To be honest, one of the main benefits is just the raw enjoyment and satisfaction I get from reading his works in Japanese. I actually read the first book of 1Q84 twice (review here) several years apart, which is the first time I’ve re-read a full length Japanese novel. One special thing I find with his books, compared to many other writers, is the Japanese is relatively easy for me to follow and understand. I think there are a few reasons for this.
First, I was used to his overall style from reading a few of his books in English first, which helped me guess what he was saying in Japanese. Second, his stories are generally really interesting and though-provoking to me, which keeps me motivated even in tough parts. Another reason is that his sentences are generally not overly complex, and while there is typically a great deal of description which can slow down the pace in other books, I feel that he uses more comparisons to everyday things rather than resorting to heaps of uncommon terms that I have to constantly look up in the dictionary. (Exception: at least one or two parts in 1Q84 had some pretty challenging reading, but that was done for atmosphere and tightly related to the story). Finally, I’ve heard people say that his Japanese has influences from the English language, which probably stems from his interest in American culture. I’ll never forget reading the phrase “キュウリのようにクール” (a direct translation of “cool as a cucumber”) which is clearly taken that expression in English. (There is some discussion on this phrase here).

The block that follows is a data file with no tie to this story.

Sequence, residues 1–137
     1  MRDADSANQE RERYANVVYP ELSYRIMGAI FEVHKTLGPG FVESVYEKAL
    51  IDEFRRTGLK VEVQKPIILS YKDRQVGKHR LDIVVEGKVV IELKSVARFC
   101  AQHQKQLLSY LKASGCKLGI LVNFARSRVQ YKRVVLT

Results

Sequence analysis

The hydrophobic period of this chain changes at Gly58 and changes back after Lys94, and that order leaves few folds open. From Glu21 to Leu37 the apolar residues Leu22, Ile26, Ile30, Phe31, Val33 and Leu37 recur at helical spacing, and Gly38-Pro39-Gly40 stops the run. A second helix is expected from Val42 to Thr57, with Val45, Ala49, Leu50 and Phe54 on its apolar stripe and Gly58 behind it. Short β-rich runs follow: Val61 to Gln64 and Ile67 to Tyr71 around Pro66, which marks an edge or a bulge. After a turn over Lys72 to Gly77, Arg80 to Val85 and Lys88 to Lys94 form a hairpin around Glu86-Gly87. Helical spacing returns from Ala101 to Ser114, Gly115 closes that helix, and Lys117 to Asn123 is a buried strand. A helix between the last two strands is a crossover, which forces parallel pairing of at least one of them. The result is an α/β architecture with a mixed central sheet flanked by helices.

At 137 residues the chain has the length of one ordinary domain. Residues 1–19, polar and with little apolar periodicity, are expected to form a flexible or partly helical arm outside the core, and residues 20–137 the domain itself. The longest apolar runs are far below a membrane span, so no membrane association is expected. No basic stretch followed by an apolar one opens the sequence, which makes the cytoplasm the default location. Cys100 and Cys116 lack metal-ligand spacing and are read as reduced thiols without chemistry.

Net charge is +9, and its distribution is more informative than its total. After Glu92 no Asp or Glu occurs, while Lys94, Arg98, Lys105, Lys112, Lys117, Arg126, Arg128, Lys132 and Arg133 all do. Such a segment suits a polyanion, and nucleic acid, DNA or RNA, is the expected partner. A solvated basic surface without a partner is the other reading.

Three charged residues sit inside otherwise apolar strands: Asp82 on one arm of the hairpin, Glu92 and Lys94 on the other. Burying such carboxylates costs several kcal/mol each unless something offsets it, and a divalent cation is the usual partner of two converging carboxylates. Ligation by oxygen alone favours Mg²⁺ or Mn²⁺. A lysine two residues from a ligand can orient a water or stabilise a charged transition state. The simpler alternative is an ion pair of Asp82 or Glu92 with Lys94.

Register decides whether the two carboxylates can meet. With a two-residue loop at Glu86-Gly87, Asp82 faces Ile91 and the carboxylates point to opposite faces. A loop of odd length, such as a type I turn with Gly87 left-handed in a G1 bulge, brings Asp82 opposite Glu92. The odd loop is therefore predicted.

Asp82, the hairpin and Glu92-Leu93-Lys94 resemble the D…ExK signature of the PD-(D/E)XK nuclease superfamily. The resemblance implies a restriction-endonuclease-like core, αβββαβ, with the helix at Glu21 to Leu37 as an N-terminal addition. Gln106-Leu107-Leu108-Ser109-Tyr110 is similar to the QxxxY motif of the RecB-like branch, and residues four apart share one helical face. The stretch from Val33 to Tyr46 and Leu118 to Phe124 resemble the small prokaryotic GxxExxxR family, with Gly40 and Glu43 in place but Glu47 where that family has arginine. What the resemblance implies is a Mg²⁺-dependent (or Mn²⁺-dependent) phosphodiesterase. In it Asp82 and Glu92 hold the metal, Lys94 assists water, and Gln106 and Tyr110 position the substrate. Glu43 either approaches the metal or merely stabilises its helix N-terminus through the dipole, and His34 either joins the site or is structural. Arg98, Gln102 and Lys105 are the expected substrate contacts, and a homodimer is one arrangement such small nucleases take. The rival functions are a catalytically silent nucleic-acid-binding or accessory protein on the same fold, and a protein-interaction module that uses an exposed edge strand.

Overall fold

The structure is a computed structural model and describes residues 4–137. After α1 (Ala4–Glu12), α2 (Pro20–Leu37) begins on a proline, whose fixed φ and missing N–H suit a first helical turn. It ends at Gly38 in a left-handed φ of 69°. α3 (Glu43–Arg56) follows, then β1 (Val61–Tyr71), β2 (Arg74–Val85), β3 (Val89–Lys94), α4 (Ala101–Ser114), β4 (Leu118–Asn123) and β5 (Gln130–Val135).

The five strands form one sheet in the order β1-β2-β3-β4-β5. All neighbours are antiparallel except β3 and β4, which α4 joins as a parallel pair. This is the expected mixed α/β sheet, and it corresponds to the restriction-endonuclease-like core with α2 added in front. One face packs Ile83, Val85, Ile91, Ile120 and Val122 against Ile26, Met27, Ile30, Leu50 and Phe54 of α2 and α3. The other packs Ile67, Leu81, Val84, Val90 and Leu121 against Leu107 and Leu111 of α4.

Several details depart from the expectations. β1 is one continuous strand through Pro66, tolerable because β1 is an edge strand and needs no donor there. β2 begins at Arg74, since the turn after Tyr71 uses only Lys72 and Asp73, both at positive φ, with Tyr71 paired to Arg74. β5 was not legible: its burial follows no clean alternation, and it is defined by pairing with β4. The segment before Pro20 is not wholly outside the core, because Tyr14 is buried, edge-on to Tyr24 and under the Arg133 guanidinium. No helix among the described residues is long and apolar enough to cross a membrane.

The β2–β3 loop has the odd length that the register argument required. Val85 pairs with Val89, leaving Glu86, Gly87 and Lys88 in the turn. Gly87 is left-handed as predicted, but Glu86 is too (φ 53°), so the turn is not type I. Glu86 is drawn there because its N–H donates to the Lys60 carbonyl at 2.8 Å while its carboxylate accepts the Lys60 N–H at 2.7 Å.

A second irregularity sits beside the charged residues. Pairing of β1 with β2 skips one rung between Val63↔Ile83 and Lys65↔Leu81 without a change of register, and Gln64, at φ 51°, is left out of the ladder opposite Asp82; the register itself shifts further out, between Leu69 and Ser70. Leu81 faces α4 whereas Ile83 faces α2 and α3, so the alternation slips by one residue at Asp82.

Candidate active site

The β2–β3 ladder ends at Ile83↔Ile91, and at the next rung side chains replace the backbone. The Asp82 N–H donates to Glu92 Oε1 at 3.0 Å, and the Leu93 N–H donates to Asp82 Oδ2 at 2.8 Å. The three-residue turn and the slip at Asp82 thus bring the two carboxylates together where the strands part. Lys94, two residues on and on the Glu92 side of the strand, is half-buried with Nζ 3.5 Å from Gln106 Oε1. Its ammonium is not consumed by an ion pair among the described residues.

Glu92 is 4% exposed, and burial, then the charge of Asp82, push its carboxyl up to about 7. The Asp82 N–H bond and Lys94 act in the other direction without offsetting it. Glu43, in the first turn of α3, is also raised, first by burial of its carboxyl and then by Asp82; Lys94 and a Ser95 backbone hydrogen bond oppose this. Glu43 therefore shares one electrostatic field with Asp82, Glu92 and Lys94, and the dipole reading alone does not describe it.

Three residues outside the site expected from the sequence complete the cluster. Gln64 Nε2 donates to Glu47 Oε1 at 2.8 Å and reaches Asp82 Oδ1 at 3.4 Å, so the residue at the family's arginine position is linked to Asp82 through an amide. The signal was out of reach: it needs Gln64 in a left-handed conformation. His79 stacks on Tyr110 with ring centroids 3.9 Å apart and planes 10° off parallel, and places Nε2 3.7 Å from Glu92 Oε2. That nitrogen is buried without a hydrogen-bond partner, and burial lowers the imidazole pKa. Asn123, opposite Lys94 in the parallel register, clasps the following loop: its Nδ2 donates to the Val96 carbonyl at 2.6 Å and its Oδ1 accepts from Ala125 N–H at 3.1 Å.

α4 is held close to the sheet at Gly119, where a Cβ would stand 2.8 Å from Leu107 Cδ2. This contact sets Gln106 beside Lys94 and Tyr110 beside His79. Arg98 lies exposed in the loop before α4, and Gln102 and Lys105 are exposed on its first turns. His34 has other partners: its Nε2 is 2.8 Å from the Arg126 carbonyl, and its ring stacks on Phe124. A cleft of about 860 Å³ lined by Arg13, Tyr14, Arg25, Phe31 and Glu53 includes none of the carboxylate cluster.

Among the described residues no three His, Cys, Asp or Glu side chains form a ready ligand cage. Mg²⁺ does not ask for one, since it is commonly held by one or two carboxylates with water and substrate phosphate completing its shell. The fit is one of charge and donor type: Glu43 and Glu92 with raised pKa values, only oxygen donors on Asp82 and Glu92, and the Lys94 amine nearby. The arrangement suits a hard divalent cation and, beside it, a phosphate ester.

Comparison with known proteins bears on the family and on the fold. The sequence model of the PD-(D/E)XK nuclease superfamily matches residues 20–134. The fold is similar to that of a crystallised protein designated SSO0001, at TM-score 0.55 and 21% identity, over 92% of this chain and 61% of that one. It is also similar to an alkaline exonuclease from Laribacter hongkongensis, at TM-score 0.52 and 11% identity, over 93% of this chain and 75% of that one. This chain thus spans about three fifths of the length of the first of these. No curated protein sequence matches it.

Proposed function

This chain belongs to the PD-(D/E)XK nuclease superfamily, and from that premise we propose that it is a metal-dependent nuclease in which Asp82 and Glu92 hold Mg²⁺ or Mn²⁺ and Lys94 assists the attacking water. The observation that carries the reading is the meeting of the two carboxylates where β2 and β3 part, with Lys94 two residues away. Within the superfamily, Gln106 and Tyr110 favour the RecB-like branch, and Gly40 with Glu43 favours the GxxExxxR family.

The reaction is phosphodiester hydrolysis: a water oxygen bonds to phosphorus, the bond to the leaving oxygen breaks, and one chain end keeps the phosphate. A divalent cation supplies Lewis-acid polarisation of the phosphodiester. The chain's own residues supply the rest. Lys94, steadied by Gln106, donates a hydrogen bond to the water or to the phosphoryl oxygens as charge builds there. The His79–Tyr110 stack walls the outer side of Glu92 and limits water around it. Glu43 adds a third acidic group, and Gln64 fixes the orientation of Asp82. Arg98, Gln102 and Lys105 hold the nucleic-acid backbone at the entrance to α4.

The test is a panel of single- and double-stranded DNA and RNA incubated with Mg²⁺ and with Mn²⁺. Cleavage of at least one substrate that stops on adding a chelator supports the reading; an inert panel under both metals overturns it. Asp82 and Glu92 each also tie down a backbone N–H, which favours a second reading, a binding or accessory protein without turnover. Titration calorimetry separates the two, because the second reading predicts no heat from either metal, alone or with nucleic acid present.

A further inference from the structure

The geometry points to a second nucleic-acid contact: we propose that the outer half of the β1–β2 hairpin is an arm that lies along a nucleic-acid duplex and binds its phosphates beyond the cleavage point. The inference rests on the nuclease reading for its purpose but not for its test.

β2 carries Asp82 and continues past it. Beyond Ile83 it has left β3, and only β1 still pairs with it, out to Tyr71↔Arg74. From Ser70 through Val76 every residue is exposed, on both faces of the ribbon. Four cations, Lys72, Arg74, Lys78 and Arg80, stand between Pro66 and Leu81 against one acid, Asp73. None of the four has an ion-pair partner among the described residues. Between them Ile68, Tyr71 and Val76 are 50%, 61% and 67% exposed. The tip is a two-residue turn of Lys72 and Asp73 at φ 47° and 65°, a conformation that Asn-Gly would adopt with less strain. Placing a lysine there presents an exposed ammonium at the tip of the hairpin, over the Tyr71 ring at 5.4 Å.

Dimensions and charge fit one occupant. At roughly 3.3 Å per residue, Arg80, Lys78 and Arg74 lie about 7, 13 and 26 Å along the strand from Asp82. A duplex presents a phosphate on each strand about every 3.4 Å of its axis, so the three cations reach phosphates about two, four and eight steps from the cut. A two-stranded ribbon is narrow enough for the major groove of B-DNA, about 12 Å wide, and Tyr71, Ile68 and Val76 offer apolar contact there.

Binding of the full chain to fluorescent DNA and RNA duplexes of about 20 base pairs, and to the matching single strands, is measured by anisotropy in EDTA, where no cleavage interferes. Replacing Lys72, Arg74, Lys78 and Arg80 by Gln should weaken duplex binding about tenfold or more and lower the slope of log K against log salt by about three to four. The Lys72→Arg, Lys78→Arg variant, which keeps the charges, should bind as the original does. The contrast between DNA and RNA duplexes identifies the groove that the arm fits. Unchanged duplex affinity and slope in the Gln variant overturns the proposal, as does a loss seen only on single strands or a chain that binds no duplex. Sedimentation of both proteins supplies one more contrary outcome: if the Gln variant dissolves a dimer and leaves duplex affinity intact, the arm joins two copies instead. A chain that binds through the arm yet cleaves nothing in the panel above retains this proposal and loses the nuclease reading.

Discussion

Ironically, the fact his books are relatively easy for me to read in Japanese is one of the reasons I’ve branched out to read different authors (example). Every author has their own way of expression, including words and grammar constructions they commonly use, and sticking to a single author would be severely limiting my growth as a reader of Japanese works. The benefits are much greater too, since I get to read a bunch of authors that very few people in America have actually heard about. And there is an extra level of satisfaction as I successfully wade through the many challenging words and sentence structures used by these other Japanese authors–there is truly a universe of different styles out there. Very rarely have I given up, though in some cases it takes many months to get through a book.
I’m not sure when I’ll get time to pick up another of his books, but I’ll always be thankful to Mr. Murakami, because without him I might never have gotten sufficient motivation to study as hard as I did. If I end up pursuing my dream of becoming a translator for Japanese novels, I am not sure if I’ll ever get the great honor of translating any of his works. But, if I can help another Japanese author to become a hit in the English-speaking community, I’ll be happy enough (: